Tumor Suppressor Genes: Tumor suppressor genes are normal genes present in our DNA that help regulate cell growth, prevent the formation of tumors, and maintain genomic stability.
When these genes are functioning properly, they help control cell division, repair DNA damage, and promote programmed cell death (apoptosis).
Mutations or alterations in these genes can disrupt their normal functions, leading to uncontrolled cell growth and an increased risk of cancer.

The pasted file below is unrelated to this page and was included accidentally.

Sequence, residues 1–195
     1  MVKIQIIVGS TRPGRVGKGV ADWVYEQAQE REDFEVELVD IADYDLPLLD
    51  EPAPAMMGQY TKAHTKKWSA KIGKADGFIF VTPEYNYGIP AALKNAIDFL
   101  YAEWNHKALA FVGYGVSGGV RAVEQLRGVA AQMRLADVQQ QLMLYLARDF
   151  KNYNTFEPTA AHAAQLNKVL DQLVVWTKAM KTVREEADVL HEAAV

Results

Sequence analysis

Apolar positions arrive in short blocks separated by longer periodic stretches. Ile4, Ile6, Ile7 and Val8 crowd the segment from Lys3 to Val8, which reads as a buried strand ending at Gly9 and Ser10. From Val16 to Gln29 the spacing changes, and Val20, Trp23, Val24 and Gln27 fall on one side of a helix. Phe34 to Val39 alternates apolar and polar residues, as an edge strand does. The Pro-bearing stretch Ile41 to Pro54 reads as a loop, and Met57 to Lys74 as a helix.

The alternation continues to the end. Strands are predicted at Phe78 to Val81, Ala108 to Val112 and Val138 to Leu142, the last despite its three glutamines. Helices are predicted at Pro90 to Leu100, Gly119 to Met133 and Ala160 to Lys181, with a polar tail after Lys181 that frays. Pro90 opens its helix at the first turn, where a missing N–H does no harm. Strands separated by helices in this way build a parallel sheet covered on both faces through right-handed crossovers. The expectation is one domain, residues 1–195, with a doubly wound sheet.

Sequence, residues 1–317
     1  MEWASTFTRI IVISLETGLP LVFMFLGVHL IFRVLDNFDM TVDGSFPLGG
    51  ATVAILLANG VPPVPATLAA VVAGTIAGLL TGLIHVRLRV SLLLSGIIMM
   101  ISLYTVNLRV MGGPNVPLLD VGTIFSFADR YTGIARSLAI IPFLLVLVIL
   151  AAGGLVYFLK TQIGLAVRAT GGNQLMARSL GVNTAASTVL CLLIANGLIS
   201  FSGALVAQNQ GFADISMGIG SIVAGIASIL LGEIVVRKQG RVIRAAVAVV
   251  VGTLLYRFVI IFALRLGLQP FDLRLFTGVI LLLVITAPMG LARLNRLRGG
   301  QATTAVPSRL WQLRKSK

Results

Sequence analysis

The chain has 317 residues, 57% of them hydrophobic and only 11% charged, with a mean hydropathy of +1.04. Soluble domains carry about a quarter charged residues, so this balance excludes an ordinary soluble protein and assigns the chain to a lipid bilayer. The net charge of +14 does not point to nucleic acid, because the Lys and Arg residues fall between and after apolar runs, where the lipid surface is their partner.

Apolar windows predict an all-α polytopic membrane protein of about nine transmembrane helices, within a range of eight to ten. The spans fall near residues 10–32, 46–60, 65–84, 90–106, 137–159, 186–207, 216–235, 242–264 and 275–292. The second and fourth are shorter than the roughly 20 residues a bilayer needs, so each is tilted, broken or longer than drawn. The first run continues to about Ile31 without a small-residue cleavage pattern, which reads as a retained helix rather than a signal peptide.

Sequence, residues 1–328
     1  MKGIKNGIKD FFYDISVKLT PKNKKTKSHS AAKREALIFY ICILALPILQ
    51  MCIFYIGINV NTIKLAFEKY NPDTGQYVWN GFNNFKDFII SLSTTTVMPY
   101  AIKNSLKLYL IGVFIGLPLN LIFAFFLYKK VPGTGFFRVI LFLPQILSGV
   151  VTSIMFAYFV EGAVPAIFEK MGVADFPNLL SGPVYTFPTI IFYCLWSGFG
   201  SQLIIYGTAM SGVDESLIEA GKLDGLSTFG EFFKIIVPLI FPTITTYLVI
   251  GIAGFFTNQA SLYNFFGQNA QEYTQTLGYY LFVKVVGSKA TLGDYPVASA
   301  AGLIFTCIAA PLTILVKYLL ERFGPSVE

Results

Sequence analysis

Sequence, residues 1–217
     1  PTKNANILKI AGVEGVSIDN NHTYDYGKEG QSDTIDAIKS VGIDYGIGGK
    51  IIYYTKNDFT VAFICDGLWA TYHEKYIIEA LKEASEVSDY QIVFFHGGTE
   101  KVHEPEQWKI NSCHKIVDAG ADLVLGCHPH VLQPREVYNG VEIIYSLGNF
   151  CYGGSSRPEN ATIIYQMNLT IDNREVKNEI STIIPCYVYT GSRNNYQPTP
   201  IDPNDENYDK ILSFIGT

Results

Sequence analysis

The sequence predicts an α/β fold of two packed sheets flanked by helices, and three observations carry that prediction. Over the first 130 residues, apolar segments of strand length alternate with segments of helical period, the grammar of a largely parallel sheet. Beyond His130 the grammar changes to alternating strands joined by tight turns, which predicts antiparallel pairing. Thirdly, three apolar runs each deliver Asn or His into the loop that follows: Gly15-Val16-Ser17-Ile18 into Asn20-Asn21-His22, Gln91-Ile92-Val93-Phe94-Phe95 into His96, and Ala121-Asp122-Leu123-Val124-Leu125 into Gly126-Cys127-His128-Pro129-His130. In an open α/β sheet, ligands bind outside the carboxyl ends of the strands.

Cell Cycle Regulation: Tumor suppressor genes, such as TP53 (p53) and p16INK4a, help regulate the cell cycle, ensuring that cells divide and replicate properly.
DNA Repair: Certain tumor suppressor genes, including BRCA1 and BRCA2, are involved in DNA repair processes.
Apoptosis Induction: Tumor suppressor genes can trigger apoptosis, a natural process of programmed cell death.
By promoting apoptosis in cells with severe DNA damage or abnormal growth, these genes eliminate potentially cancerous cells before they can form tumors.